BMW is recalling a majority of the plug-in hybrid models it built in 2020 because their battery pack poses a fire risk. That’s 4,509 vehicles covered by the campaign in the United States, including some made by Mini.
The list of cars affected by this voluntary recall includes 2020 and 2021 examples of the 530e, the X3 xDrive30e, and the Mini Countryman SE, coupe and convertible variants of the 2020 i8, as well as the 330e (pictured), the 745Le xDrive, and the X5 xDrive45e from the 2021 model year. All are equipped with a lithium-ion battery pack whose cells might have been contaminated by debris during the manufacturing process, according to a recall notice issued by the National Highway Traffic Safety Administration (NHTSA).
BMW hasn’t revealed what exactly found its way into the Samsung-built battery pack’s cells, or how, but it pointed out the debris can cause a short-circuit, which increases the risk of fires and injuries. It added that it became aware of the problem after four gasoline-electric X5s experienced what it refers to as a thermal incident.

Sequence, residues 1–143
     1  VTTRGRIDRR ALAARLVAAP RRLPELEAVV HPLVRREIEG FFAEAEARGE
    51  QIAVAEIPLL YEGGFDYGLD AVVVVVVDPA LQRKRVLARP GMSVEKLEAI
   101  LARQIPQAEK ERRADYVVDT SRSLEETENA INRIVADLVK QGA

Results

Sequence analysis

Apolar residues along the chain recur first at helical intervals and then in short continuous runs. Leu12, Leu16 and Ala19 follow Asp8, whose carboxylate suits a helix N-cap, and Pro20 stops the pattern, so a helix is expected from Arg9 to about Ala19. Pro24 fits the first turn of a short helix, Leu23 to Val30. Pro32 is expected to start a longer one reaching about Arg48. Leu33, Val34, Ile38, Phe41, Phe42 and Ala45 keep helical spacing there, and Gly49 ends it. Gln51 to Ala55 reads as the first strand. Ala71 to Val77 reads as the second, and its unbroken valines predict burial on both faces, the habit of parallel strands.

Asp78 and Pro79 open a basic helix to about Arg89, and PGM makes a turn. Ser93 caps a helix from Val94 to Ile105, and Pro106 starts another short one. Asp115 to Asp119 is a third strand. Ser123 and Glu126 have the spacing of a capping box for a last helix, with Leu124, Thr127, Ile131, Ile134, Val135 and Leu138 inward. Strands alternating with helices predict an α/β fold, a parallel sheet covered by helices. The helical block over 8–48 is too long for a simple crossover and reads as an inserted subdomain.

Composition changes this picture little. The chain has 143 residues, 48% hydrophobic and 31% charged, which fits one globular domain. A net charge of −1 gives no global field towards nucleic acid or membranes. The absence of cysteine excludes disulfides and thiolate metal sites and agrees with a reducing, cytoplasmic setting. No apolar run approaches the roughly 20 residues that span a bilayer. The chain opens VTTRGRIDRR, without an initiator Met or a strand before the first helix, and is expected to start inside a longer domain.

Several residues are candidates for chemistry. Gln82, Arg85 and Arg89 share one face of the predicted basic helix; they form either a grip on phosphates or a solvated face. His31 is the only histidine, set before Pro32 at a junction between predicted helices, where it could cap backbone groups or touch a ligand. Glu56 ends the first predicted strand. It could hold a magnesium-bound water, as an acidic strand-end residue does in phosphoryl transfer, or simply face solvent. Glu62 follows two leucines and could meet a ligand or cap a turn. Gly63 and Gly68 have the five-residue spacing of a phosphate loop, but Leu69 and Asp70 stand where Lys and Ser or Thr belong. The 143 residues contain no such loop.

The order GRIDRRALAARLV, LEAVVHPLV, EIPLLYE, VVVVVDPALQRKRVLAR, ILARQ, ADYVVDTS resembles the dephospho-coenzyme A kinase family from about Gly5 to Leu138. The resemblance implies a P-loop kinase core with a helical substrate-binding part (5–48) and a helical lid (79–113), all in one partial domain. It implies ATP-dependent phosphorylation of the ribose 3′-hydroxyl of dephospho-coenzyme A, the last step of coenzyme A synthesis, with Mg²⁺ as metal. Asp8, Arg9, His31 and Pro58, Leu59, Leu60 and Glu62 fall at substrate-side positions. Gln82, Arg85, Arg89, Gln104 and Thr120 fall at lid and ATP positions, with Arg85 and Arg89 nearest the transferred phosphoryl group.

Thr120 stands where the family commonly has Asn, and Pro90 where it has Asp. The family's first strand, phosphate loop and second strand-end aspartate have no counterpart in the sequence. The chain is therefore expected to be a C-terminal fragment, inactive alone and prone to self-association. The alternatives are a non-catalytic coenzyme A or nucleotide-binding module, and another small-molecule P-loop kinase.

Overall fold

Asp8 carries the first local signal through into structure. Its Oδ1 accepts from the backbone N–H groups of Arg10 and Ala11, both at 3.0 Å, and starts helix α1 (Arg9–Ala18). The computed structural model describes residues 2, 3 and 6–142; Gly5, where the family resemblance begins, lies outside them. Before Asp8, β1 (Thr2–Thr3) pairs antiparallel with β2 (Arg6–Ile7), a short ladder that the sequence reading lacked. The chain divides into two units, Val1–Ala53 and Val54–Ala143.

Engineers are currently developing a remedy to the problem. Until a solution is found, BMW is asking owners of affected cars not to charge the battery pack, not to drive in manual mode, not to engage sport mode, and not to use the shift paddles. It expects to begin fixing cars affected by the recall on November 23, 2020.
26,700 cars manufactured between January 20 and September 28, 2020, are part of the recall globally. Outside of the United States, BMW also sells plug-in variants of the X1, the X2, and the 2 Series Active Tourer.
It has been a bad month for electrified cars. Ford delayed its Escape PHEV after a recall of its Kuga twin in Europe over fire risk. U.S. safety officials are reviewing reports of fires in the Chevy Bolt EV, and Hyundai has expanded a recall of the Kona EV.